We are used to hearing private property and ethics as in some sense antithetical. This is a mistake. In fact they are deeply intertwined.
Someone has invested energy and strategy in making private property sound like a dirty word. Associations of greed, hoarding, wrongful defensiveness, wrongful building of fences. Somehow the opposite of private property would be sunny days–but not too sunny, green grass–freshly cut, bunny rabbits, and something like hippie love which would obviously finish with hippie sex which is only the beginning of new innocent needy, demanding and helpless humans tyrannizing what was a utopia. No! If everyone would just share the care for the little ones–and dammit you better enjoy it it would all be fine. Everything is always made fine by everyone playing nice. You got me?
I am in the teaching trade and practice in what is titled “philosophy”. There is no end of this utopian dreaminess about fixing everything from the innocent, dependent cherubs. It has come from somewhere. What is interesting is that behind all this call to sweetness is something like a simultaneous “Burn at the stake the greedy capitalist” rage. But enough. There is still time to spread the gospel (good news) of ethics which is the same as the gospel of private property which is the foundation of both moral and material growth.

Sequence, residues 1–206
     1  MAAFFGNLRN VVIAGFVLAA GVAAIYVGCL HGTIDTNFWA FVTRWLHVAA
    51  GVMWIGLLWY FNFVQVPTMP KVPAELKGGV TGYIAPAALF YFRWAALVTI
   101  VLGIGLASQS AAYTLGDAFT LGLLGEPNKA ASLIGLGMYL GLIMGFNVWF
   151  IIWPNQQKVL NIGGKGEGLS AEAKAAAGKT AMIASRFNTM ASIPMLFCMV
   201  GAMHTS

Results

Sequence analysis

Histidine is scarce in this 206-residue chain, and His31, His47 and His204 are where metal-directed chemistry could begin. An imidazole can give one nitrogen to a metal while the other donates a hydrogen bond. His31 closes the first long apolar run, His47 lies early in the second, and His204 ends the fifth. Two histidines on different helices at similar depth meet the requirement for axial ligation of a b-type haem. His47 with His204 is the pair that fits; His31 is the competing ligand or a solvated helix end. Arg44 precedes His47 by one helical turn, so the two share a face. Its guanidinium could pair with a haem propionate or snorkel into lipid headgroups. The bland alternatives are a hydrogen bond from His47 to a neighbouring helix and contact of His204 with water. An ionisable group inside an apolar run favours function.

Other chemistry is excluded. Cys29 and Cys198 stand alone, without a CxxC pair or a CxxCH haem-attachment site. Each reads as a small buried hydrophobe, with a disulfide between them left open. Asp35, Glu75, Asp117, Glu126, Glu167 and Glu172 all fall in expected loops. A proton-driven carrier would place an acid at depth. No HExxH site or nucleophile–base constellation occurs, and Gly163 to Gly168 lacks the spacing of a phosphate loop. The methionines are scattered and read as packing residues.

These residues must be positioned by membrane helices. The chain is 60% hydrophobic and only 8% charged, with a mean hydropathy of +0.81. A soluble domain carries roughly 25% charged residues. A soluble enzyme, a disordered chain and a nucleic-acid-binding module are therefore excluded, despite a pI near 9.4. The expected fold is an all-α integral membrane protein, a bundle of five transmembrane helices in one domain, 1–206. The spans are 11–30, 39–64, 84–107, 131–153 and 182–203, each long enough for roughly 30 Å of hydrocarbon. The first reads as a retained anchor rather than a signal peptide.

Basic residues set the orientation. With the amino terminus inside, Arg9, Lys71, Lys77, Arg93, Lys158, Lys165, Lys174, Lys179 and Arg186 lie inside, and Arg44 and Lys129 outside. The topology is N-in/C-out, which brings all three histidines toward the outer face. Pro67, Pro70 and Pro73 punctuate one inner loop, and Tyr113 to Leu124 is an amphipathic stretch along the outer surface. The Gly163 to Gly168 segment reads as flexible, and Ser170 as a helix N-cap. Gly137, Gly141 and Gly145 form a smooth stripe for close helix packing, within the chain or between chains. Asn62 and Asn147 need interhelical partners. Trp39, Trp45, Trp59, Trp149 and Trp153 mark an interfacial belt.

For the utopian dreamer to even approximate their utopia there are only two ways: first, there is the way of slavery and coercion. They claim to eschew this way (but don’t be deceived). In reality they only avoid slavery when it doesn’t suit them. Second, there is the way of private property and persuasion.
Coercion and slavery deny private property rights and treat initiated aggression as legitimate. Respecting private property rights and engaging in persuasion treats initiated aggression as illegitimate. You see, I hope, at least in seed form, how the ideal human who practices no harm cannot initiate aggression against others or their property. This fundamental economic principle is also a fundamental ethical principle.